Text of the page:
66. Kusanagi— Kusanagi explores Oni folklore’s bravery and chivalry. Kusanagi symbolises a powerful, legendary sword. This name inspires bravery in the face of hardship. Kusanagi reminds us that we can all be heroes and change the world through bravery.

67. Yushkep-kamuy— Oni mythology explores spirituality and the divine. Yushkep-kamuy is an elemental deity. This name encourages spirituality and togetherness. Yushkep-kamuy reminds us to honour and appreciate nature since it brings serenity and harmony.

68. Kihi-zai— Oni folklore discusses wisdom and understanding. Kihi-zai means intelligence and insight. This name encourages us to learn and progress, knowing that wisdom and knowledge help us understand life’s intricacies.

69. Daidarabotchi— Oni mythology explores amazement and wonder in Daidarabotchi. Daidarabotchi is a huge, powerful beast. This name opens our eyes to the world’s vastness and beauty, reminding us that we can only enjoy life’s miracles through wonder and inquiry.

70. Tora— Oni mythology examines power and courage. Tora, a tiger name, symbolises power and bravery. This name encourages us to draw on our inner strength and confront challenges, knowing that resilience and courage will help us succeed.

71. Kirin— Kirin explores Oni mysticism and enlightenment. Kirin is a wise and noble beast. This name inspires us to pursue spiritual enlightenment and live by higher standards. Kirin reminds us that spiritual awareness can lead to deeper knowledge and purpose.

72. Kenas-unarpe— Oni folklore emphasises tenacity and perseverance. Kenas-unarpe means perseverance. This name inspires us to persevere and overcome barriers to succeed. Kenas-unripe reminds us that setbacks should motivate us, not define us.

73. Jigoku— Jigoku explores Oni morality and consequence. Evildoers suffer in Jigoku. This name makes us think about our moral choices. Jigoku reminds us that our actions have repercussions and that we must choose to do good.

74. Oshino— Oshino examines Oni folklore’s balance and harmony. Oshino means balance and tranquillity. This name reminds us to seek balance in all our lives since true happiness comes from harmony with ourselves and others. Oshino reminds us that life is a delicate ballet of harmonising many aspects, and by nurturing equilibrium, we can live meaningful lives.

75. Yama— Yama explores Oni judgement and accountability. Yama is a death-and-afterlife deity. This name makes us think about our acts and our mortality. Yama reminds us to be honest and kind since we shall be held accountable.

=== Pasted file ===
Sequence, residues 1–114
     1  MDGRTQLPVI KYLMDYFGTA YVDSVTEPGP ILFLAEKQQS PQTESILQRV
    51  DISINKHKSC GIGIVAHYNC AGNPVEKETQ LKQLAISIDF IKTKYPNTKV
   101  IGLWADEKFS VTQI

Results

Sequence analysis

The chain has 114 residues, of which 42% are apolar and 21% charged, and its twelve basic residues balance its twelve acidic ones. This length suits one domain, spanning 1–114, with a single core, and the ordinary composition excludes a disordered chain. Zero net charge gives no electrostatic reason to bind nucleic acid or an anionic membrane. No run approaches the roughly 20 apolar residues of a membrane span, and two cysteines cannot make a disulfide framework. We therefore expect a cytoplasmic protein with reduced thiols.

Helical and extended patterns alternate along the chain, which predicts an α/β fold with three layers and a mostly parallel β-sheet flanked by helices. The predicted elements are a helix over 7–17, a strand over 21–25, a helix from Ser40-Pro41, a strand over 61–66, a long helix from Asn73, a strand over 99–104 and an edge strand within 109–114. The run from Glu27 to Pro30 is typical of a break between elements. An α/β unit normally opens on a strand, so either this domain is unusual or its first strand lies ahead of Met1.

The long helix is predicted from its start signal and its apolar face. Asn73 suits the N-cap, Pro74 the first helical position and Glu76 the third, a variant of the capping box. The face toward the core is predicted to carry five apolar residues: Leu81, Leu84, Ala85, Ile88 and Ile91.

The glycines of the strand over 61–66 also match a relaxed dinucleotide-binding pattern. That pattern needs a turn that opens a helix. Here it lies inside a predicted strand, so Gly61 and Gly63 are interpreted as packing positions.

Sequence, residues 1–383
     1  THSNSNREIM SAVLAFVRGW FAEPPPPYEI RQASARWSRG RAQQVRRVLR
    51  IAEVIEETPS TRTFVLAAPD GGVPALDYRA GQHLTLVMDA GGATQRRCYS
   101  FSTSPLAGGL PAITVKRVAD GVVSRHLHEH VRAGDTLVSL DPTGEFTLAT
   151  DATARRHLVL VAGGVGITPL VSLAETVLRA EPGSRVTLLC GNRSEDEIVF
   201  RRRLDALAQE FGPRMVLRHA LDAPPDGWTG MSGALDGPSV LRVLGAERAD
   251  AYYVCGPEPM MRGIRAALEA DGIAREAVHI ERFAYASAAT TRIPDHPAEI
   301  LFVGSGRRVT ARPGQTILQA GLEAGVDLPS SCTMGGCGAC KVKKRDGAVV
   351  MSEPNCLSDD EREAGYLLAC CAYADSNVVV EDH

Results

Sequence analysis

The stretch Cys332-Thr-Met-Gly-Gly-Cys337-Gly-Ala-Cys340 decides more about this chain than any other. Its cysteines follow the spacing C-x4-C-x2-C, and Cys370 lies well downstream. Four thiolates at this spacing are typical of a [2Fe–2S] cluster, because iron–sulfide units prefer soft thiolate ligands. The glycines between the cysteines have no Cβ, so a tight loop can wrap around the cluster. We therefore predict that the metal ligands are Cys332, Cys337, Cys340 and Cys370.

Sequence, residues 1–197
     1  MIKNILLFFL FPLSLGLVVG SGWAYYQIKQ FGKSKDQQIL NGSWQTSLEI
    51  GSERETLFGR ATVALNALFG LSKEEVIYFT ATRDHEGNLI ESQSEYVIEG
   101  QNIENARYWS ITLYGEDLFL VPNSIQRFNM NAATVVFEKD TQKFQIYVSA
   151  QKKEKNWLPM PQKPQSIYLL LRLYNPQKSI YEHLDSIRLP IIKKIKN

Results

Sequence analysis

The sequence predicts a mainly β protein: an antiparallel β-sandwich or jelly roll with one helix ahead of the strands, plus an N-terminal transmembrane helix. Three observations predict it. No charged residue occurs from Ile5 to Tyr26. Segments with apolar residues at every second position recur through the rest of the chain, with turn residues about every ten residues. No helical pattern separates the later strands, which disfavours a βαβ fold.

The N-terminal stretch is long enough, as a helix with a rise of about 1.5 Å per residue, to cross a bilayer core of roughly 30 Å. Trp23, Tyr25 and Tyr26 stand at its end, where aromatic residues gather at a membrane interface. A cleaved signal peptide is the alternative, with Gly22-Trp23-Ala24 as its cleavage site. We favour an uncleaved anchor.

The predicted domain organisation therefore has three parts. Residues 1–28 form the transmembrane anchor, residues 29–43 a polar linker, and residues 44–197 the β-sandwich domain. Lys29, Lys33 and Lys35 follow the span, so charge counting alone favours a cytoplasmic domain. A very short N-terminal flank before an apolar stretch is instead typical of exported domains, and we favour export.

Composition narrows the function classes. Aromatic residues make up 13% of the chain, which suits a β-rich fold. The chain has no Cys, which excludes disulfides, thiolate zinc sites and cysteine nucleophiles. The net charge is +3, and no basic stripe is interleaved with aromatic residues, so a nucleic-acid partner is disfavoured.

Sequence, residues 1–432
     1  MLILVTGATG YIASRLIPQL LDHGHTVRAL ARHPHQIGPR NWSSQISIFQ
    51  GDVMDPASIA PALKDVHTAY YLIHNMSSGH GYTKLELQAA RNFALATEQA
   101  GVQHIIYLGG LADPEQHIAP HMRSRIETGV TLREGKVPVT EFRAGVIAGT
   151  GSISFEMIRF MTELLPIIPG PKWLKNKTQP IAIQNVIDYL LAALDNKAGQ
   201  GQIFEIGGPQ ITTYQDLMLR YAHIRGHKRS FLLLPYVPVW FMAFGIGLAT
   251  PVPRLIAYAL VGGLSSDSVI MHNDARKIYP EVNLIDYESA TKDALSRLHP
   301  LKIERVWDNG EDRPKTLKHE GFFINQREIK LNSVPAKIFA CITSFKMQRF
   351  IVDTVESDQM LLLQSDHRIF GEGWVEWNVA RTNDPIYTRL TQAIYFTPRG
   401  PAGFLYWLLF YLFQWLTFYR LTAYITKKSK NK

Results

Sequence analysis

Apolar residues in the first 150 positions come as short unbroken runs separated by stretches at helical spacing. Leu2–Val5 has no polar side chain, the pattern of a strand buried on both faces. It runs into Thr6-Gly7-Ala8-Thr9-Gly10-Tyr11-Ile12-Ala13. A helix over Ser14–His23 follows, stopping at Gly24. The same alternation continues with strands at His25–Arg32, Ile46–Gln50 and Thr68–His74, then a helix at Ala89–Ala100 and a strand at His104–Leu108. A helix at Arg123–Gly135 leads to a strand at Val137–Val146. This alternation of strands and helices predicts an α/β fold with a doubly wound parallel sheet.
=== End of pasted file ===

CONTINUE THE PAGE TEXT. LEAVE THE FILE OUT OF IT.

76. Hashihime— Hashihime examines beauty and femininity in Oni culture. Graceful Hashihime. This name reminds us to embrace and celebrate beauty’s numerous manifestations. Hashihime reminds us that true beauty comes from being oneself.

77. Gozu— Gozu explores Oni dualism and metamorphosis. Gozu is a cow-headed person. This name encourages us to discover and accept our many sides. Gozu reminds us that we can grow, evolve, and accept our light and shadow sides.

Cool Names for Oni

Looking for a name that screams power and darkness? Explore our compilation of awe-inspiring names for Oni, guaranteed to leave an unforgettable impression on your audience.

78. Tatsu— Tatsu examines Oni might and mastery. Dragon-related Tatsu means power and wisdom. This name encourages us to tap into our inner power and seek self-mastery, realising that personal progress and self-discovery unlock our true potential. Tatsu reminds us to use our strength and power to achieve great things.

79. Tsurube-otoshi— Oni mythology explores fear and caution. Tsurube-otoshi is an aerial predator. This name reminds us not all that glitter is gold. Tsurube-otoshi reminds us to follow our instincts and beware of hidden hazards.

80. Dalton— Oni mythology emphasises resilience and determination. Dalton symbolises steadfastness and strength. This name encourages us to overcome adversity. Dalton reminds us that we can overcome adversity and achieve our ambitions.